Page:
CEO Scott Thompson says action is 'important next step'
Yahoo is laying off 2,000 employees as part of a major restructuring implemented by new CEO Scott Thompson.
Thompson told staffers the overhaul was necessary “to compete and win in our core business (and) allow us to move fast, and to get stuff done.”
The cuts, coming after months of management, board and shareholder turmoil, will result in $375 million a year in savings to reinvest in making Yahoo more competitive with rivals Google and Facebook. Severance costs will result in a hit to earnings of $125 million-$145 million, mostly booked in the current second quarter.
In an internal email, Thompson said “over the last 60 days, we’ve fundamentally re-thought every part of our business and we will continue to actively consider all options that allow Yahoo to put maximum effort where we can succeed. As part of this process, I believe we have to focus to win in a select group of core businesses globally.”
He mentioned three: Yahoo’s core media and communications division; its platforms, which need to be strengthened to support speed and scale; and its data, which could be better mined to attract advertisers. Yahoo, a global brand with a massive following in sports, finance and news, said 700 million people visit its sites each month. It’s also been actively rolling out original entertainment programming. But the company acknowledged it has fallen short in transforming its broad footprint into hard cash.
“Unfortunately, reaching that goal requires the tough decision to eliminate jobs, which means losing colleagues and parting with friends,” Thompson said.
The Sunnyvale, Calif.-based company will start notifying the approximately 2,000 people, or about 14% of its total workforce, of job eliminations or phased transitions on Wednesday. Layoffs will span the company but are said to focus most heavily on the product division with the media side expected to emerge relatively unscathed.
Execs are expected to give more details of the restructuring and Yahoo’s “future direction” when it reports first-quarter financial results on April 17.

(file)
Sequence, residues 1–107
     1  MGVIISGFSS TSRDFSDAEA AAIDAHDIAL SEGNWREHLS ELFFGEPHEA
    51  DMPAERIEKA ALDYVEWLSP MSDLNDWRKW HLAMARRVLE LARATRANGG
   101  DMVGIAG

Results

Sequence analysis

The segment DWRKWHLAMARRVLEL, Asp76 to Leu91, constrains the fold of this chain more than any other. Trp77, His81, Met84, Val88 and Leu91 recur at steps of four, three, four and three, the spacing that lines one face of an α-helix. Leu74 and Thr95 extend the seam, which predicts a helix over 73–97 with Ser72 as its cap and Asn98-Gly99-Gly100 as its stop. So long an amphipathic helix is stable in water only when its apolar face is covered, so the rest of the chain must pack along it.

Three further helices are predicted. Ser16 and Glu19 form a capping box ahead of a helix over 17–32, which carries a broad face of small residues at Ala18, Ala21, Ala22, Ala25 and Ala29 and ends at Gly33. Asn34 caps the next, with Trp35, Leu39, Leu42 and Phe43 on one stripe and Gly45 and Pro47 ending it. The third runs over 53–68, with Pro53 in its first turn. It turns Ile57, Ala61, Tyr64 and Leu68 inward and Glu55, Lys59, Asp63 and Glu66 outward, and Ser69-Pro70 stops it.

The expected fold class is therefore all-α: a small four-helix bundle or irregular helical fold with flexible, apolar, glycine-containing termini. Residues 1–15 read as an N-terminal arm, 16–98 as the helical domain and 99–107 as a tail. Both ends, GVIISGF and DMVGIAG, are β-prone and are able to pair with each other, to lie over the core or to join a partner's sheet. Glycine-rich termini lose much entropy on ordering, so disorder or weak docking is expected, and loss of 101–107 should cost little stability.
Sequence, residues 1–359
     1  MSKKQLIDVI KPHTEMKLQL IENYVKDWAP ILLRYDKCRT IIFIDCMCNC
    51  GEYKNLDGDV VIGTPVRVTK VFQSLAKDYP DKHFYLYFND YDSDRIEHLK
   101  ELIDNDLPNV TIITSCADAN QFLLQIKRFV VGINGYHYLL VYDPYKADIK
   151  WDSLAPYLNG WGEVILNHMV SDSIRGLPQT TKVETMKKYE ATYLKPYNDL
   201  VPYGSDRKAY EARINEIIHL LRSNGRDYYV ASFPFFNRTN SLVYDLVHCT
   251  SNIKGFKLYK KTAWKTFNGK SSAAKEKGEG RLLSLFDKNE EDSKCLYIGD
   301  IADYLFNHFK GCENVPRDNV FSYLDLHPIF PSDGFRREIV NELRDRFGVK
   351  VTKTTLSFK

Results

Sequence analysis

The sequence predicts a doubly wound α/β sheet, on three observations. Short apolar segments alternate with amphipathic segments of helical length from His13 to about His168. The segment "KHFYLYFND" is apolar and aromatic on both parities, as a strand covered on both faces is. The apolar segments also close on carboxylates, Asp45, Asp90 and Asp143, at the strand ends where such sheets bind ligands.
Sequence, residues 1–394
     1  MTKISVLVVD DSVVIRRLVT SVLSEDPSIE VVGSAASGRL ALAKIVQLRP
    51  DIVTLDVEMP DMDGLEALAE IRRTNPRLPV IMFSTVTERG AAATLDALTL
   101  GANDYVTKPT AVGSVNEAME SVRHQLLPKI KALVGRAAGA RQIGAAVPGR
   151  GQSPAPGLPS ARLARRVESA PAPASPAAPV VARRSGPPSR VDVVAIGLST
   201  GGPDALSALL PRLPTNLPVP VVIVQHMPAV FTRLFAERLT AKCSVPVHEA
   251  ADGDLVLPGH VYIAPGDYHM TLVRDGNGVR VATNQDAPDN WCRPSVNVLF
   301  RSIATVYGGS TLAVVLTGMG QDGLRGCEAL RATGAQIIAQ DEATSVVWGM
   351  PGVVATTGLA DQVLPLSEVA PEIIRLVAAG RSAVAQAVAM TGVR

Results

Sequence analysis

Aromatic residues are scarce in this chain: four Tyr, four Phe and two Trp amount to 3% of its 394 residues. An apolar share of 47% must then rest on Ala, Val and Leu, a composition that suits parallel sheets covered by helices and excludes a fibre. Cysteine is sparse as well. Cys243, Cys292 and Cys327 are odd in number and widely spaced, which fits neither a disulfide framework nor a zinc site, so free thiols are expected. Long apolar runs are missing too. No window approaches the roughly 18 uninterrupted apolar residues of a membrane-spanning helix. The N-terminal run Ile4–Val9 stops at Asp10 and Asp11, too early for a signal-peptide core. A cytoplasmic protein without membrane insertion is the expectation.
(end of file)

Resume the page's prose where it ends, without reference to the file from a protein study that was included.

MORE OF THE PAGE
Yahoo has had waves of layoffs, including 1,500 staffers in 2008, but hasn’t managed to stem declining revenue and profits in the face of stiff competition, particularly in online display advertising where it used to rule but now Google and Facebook dominate.
Last year, Yahoo’s display advertising revenue fell 2.4%, according to research firm eMarketer, while Facebook’s jumped by 52% and Google’s by 42%. Microsoft and AOL both saw display ad sales rise about 12%.
Yahoo’s total revenue fell to $4.98 billion in 2011 from $6.32 billion the year before. Net profit slipped to $1.06 billion from $1.24 billion.
Yahoo’s board hired Thompson away from e-commerce giant PayPal in January, charged with reviving the company’s fortunes. There’s a lot at stake with the total online ad market is expected to hit about $40 billion in 2012.
In February, Yahoo co-founder and director Jerry Yang resigned from the board, followed by the exit of chairman Roy Bostock and three other board members.
Former Yahoo CEO Carol Bartz was ousted last September, which was followed by rocky period when the company was the subject of constant takeover speculation by China’s Alibaba Group, Microsoft and others. Yahoo also explored selling its own stake in Alibaba. Shareholders grew impatient and one activist investor, hedge fund Three Point, put up dissident candidates for the company’s board.
Wall Street seemed to have a wait-and-see attitude on the revamp. After a small jump the stock was off slightly, by 0.66%, in midday trading at $15.08.